The trusteed IRA is also helpful for Americans who have a spouse who is not a U.S. citizen and who want to qualify their IRA assets for the marital deduction, which allows the entire account to rollover to the surviving spouse without being hit by estate taxes, Brundage says.
That’s a benefit John Lockwood, a financial advisor with Northwestern Mutual of Sacramento, knows about first hand. Lockwood’s mother is not a U.S. citizen, so a trusteed IRA could be beneficial for his parents. Under current federal law, if an estate is valued at more than $5.34 million, a surviving, non-U.S. spouse is not eligible for an unlimited marital exclusion but is instead taxed on any assets over $5.34 million. If the surviving spouse was a U.S. citizen, the unlimited marital exclusion would allow the entire estate — regardless of value — to be passed to her tax free. However, any assets included in a trusteed IRA are not included in the estate tax valuation, so no taxes are levied on that amount, Lockwood says.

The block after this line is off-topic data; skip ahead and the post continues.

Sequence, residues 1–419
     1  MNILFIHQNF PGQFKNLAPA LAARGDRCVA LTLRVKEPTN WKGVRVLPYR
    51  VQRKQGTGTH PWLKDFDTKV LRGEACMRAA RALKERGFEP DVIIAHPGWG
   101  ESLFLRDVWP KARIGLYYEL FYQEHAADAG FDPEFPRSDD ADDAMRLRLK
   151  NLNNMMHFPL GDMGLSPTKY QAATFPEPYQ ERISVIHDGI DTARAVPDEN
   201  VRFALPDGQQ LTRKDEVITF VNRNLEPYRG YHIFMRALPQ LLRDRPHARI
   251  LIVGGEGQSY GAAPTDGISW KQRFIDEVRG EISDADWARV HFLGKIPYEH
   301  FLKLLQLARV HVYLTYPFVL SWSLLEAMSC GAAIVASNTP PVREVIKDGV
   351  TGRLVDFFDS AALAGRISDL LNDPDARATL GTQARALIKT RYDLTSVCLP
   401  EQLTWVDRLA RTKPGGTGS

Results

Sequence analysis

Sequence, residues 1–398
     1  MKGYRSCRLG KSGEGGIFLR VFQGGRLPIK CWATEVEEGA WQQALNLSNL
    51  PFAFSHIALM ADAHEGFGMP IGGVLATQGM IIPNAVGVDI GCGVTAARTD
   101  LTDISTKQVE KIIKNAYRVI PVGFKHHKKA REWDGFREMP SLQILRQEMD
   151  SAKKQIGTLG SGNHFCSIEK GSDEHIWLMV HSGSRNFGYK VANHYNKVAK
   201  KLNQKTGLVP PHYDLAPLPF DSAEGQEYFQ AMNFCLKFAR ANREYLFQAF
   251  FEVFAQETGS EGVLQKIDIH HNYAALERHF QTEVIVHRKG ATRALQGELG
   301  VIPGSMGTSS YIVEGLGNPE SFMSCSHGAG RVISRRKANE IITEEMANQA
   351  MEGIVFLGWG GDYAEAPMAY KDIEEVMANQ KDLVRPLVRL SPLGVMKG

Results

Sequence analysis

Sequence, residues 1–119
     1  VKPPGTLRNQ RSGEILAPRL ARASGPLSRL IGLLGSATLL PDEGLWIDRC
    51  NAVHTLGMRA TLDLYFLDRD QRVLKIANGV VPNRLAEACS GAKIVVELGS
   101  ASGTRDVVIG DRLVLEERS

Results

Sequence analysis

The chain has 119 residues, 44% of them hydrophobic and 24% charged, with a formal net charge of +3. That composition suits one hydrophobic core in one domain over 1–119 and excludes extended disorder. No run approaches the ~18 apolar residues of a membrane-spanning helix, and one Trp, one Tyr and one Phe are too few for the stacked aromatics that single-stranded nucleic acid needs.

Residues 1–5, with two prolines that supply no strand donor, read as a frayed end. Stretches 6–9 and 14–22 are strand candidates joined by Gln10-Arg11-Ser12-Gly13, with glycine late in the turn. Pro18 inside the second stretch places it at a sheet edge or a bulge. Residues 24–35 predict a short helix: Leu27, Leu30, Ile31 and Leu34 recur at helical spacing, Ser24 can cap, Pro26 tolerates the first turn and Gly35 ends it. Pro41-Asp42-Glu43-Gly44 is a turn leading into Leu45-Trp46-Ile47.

“The trusteed IRA gives my father control from the grave,’’ Lockwood adds.
The trusteed IRA is ideal “if you’d like to name multiple beneficiaries that are generations away,’’ and reduce the risk of your heirs “squandering the money,” while growing the assets on a tax-deferred basis, Lockwood says. “If the trust specifically says, ‘John doesn’t have access outside of the required minimum distribution,’ I don’t have access.”